My husband was such a good man, he was so helpful to so many Hispanics. He would give you the shirt off of his back! He was also a great cook. On Sundays, he used to make a big tray of shrimp, or roast beef or whatever, and he would invite lots of people over to eat Sunday dinner with us. Lots of shrimp! Back then they were really cheap, and because he was a chef, we could buy a big box because he knew where to buy it wholesale. So he would make shrimp, pieces of roast beef, and he would make rice and beans, and a big salad.

The First Hispanic Social Workers

In those days, when people needed something, they would come to us. They knew we would help them. And we never felt we could ever turn anybody down. People would come to us for help in the middle of the night saying
"No tengo dinero para pagar el gas, y ya me lo cortaron. Por favor..." I don't have money to pay my gas and they cut it, please..." Somehow, my husband knew how to go and turn the gas on so the people wouldn't have to be cold. That I remember. And they would come any time of the night, they would come knocking at the door seeking our help. And, as I said, we never felt we could ever say no to anybody.

My husband eventually started asking around to see if anyone could help the Hispanic people, especially those that were living in our house. And there was this priest, I think he had ties to Colombia; his name was Padre Rubba. He was from Providence College. I remember he gave people beds, he gave people clothes. I was so grateful to him personally because he helped some of my cousins, you know, he got everything for my cousins, and for everybody who said they needed something. He would make a list of what was needed, then would call my husband, Tony, who would go get the items and bring them back to everybody.

First Life and then Death

After a few years of living in the United States, when a Dominican friend died, my husband and I had to go with the family to the funeral parlor; we went to Bell Funeral Home on Broad Street. We went to help interpret, but quickly realized that we had to teach the funeral director about Dominican customs, what to do when one of us died. We also helped raise money to send the body back home to be buried.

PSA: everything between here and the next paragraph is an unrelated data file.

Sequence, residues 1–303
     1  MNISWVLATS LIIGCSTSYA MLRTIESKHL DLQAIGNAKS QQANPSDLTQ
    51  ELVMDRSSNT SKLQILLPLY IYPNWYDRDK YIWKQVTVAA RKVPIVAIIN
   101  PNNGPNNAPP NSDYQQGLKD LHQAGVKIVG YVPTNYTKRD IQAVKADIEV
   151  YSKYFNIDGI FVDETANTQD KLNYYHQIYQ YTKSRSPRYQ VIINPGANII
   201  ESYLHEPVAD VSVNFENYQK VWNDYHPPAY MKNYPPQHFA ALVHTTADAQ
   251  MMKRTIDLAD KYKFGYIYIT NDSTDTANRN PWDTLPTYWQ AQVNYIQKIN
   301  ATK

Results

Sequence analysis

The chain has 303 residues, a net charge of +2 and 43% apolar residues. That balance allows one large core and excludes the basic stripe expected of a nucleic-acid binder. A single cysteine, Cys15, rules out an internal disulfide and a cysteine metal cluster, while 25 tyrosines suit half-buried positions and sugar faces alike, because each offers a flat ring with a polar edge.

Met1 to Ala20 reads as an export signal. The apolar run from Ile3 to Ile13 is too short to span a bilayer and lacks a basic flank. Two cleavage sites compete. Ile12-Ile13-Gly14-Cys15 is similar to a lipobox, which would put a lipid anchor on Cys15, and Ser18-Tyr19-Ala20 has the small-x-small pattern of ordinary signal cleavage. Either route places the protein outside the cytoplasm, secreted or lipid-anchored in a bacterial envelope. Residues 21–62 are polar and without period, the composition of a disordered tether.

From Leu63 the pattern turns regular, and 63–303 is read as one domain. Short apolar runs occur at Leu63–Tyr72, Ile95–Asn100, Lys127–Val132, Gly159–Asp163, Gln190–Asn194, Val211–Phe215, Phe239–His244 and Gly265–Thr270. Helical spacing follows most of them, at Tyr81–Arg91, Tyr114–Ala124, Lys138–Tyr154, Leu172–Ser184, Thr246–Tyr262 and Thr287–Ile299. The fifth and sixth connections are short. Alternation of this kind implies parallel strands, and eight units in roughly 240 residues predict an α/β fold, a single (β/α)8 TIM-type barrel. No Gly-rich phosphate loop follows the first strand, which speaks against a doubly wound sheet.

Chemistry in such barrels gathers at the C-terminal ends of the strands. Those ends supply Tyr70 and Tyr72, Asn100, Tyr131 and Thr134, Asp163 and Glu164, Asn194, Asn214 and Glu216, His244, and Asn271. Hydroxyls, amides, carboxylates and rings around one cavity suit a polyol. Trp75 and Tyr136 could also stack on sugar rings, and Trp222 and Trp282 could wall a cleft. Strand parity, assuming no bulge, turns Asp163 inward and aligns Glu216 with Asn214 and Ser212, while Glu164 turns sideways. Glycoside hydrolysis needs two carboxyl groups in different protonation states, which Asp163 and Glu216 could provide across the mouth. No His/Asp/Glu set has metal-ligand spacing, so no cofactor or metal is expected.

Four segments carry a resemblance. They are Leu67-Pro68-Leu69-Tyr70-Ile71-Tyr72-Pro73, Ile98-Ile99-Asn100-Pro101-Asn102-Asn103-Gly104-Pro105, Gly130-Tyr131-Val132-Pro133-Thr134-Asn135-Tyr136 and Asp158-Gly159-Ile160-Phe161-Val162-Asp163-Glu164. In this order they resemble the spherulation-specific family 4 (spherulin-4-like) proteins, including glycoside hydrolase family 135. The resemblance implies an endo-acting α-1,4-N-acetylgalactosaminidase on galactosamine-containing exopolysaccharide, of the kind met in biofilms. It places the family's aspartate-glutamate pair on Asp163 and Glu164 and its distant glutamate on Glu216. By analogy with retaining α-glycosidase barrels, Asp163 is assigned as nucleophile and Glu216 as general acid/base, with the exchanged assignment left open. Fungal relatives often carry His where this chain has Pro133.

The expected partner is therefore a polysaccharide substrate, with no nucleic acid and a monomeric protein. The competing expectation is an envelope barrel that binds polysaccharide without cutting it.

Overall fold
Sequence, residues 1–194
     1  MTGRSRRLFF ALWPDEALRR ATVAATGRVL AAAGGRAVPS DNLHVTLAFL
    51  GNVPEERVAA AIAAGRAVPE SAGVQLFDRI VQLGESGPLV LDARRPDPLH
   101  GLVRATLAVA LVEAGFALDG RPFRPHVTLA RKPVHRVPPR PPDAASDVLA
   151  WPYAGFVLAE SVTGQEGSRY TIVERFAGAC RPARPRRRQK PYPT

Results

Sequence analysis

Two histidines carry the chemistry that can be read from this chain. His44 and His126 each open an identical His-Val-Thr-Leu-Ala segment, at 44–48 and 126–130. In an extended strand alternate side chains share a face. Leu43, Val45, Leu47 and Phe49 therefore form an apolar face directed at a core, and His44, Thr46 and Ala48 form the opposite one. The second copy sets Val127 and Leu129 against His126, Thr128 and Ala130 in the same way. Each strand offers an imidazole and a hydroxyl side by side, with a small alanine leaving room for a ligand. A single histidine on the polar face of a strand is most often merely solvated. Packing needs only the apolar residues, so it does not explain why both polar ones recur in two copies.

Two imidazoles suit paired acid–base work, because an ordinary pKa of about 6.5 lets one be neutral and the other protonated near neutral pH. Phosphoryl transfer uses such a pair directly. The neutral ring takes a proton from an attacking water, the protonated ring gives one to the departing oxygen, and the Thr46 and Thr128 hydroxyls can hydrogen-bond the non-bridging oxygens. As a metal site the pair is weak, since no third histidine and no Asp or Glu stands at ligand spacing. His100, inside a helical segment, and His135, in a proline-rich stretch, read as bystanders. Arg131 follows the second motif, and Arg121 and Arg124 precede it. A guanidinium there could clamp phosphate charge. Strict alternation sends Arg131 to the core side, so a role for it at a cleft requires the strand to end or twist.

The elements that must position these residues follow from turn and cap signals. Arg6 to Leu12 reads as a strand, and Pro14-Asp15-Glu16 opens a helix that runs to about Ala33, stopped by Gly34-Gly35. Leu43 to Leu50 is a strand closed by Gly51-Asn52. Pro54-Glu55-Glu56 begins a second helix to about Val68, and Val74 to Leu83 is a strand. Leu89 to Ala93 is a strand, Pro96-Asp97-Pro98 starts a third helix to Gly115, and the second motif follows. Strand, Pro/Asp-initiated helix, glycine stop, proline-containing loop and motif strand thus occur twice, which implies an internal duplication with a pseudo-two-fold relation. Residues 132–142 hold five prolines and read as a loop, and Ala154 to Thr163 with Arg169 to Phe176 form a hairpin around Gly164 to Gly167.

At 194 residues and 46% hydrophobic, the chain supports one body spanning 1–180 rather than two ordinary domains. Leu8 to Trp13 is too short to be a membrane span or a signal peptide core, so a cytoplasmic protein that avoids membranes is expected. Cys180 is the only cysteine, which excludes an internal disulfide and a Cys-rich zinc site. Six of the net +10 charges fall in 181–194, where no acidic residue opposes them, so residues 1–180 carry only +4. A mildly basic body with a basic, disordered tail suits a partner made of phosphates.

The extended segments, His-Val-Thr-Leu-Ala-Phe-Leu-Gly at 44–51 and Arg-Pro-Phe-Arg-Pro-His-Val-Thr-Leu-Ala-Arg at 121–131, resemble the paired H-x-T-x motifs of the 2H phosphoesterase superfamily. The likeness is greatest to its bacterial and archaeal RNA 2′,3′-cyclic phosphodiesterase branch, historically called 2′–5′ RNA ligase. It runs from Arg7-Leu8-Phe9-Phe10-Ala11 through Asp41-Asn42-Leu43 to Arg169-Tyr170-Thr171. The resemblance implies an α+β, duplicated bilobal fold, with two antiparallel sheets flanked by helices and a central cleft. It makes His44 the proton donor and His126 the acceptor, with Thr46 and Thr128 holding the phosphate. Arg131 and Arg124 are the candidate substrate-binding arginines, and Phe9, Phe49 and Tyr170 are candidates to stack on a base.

Pretty soon, people in Providence began to know me and my husband well, and so it was easy for me to go to a business owner and recommend someone for a job. I would even help people get their social security card. People trusted me and my husband, and they would help us in whatever way they could. Of course, it was easier back then because there were more jobs available.

When one of the people who was living in our house found a job, I would then ask for 15 dollars a week for room and board, no more than that, until they got settled in their job and were able to find their own apartment.

But, it was not always easy, it was a struggle for us and many other Hispanics, as well. Many people had to rely on one another for help. Many of the Dominicans and other Hispanics who had kids that spoke English, had to ask them to interpret when they went out.

I would even send my daughters to interpret for many of our friends who needed help while applying for their social security, trying to get a driver's license, and other things like that. Some people didn't know how to read even in Spanish, so my daughters helped with that, too. Many times, I would take the girls out of school and send them somewhere to interpret for our friends who needed help during business hours.

I am very proud of my daughters, Cecilia, Madeline and Miriam. They worked as hard as me and Tony to help many of the Hispanics who came to Providence. I know it was not easy.

Cecilia was the oldest, and also was the first Hispanic to attend and graduate from Roger Williams Junior High School [now, Roger Williams Middle School]. And then she graduated from Central High School in Providence, and later from Rhode Island Junior College [now, Rhode Island College].


Continued